“By reading poems we love aloud, we can learn how much pleasure there can be in the sounds of words,” says Robert Pinsky, a CAS professor and former U.S. poet laureate. “It’s as though saying the words of a poem aloud makes one feel more able, more capable than in ordinary life. You enter a different state.”
Pinsky founded the Favorite Poem Project in 1997 during the first of an unprecedented three terms as poet laureate to encourage Americans to celebrate and explore their love of poetry. Since then, the project — now directed by BU poet Maggie Dietz (GRS’97) — has produced three anthologies and more than 1,000 readings around the country.
Every week, BU Today features a member of the BU community reading his or her favorite poem. Any student or faculty or staff member can participate.
If you’d like to read your favorite poem for BU Today, e-mail us at firstname.lastname@example.org.
Ellen Yadon, administrative assistant in the School of Dental Medicine
“Cat” by J. R. R. Tolkien
“As an owner, admirer, and lover of cats and kittens, I feel Tolkien captured the essence and mystery of felines in this exquisite, tiny tribute. Also, Tolkien’s facility with the English language is well represented in this jewel of a piece. He captures a world with very few, beautifully chosen words."
Katy Rugg, senior coordinator in the International Students and Scholars Office
“To Be of Use” by Marge Piercy
“This poem means a lot to me because I did an extensive job search, and it spoke to what kind of work I wanted to find, and being in a place in my life where the meaning of my work meant a lot in making decisions, and finding a place to be.”
Lisa Flanagan (CFA’04,’08)
“Darkness” by George Gordon, Lord Byron
“I first encountered this poem in a Tom Stoppard play, and it captured me. It’s spooky, it’s haunting, and it’s before its time.”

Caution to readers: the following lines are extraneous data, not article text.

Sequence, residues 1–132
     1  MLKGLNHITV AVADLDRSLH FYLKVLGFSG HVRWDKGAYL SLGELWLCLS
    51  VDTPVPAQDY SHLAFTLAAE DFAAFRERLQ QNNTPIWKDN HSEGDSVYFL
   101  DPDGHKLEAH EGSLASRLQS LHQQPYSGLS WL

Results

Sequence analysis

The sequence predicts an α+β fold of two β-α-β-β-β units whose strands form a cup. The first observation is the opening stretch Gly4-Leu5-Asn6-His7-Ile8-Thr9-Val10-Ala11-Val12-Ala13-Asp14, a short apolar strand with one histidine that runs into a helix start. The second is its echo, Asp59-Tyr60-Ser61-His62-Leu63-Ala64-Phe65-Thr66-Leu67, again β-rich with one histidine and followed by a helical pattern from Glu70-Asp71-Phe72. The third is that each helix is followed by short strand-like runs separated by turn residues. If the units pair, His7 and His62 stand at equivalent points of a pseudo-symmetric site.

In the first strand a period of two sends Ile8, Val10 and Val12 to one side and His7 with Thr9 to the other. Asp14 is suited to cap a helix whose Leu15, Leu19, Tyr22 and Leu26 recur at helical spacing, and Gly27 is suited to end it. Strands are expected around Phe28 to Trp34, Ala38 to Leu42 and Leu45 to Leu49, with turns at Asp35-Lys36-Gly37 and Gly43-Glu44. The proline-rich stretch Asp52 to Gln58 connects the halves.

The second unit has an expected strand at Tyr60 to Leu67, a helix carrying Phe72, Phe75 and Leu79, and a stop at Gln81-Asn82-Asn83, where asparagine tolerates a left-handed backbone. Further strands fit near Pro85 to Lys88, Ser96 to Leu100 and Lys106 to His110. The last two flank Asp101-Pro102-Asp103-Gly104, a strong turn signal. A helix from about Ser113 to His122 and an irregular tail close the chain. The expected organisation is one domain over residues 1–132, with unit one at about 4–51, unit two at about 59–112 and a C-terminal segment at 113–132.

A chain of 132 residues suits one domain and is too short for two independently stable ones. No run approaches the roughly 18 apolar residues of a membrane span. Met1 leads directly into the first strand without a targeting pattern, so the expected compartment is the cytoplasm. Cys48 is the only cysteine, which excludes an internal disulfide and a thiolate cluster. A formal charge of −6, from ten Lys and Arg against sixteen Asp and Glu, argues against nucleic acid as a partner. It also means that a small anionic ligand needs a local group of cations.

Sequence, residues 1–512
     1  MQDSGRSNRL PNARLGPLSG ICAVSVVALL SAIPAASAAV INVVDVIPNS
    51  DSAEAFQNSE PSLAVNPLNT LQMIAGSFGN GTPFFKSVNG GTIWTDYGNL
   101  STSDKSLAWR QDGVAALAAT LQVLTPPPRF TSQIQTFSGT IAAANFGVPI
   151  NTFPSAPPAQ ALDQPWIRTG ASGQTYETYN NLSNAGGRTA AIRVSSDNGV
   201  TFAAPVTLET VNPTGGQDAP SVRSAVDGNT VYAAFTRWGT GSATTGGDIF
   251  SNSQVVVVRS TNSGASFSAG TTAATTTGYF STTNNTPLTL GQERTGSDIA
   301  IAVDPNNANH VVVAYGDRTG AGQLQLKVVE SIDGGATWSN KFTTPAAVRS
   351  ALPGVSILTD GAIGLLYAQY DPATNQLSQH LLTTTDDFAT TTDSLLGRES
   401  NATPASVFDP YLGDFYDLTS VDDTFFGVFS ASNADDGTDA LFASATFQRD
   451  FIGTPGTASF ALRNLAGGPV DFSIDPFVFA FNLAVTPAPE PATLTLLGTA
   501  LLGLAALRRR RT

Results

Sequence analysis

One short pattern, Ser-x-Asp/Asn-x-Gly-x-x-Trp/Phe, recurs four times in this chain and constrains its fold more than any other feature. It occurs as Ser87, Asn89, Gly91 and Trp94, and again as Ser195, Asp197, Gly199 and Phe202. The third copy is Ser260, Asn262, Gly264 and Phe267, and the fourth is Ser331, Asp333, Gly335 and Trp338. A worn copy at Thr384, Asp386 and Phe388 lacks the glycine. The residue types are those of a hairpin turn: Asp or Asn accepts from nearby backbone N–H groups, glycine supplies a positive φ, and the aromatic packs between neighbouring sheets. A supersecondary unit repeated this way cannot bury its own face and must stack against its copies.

Fabiana Cabral (CAS’07)
Excerpt from “Ode” by Arthur William Edgar O’Shaughnessy
“I really like this poem because it seems to say that nothing is impossible, that people who are dreamers, who you think are really distracted and don’t know things, are actually the ones who make this world worth living in.”
Emily Merriman (GRS’96,’07)
“Remembrance” by Emily Brontë
“I chose “Remembrance” because I think it’s one of the most powerful poems I’ve ever encountered. I was first introduced to it at BU in the mid-1990s by BU Professors Derek Walcott and Geoffrey Hill.”
Sakena Young-Scaggs, associate dean of Marsh Chapel
"Call" by Audre Lorde
“This poem is one that lays out the sacred in all women of African descent — not just Christian women, not just Yoruban women, but women of faith of African descent all around the world.”
The Favorite Poem Project: October, 2006
Click here to listen to Kate Snodgrass (GRS’90), director of BU’s Boston Playwrights’ Theatre, read D. H. Lawrence; Sara DeRitter (CAS’02, GRS’02), former program director of the Community Service Center, read Maya Angelou; Jonathan Chin (CAS’08), cofounder of Speak for Yourself: BU Slam Poetry, read Elliot Harmon; and Christopher Robinson, sign-language interpreter with BU’s Office of Disability Services, read William Cullen Bryant.
The Favorite Poem Project: September, 2006
Click here to listen to Colleen Quinn, program coordinator in the Student Activities Office, read Shel Silverstein; Paul Howell (GRS’08), doctoral student in astronomy, read Dylan Thomas; Peter Hawkins, CAS professor of religion and director of the Luce Program in Scripture and Literary Arts, read ee cummings; and Reverend Dr. Robert Alan Hill, Dean of Marsh Chapel, read Robert Frost.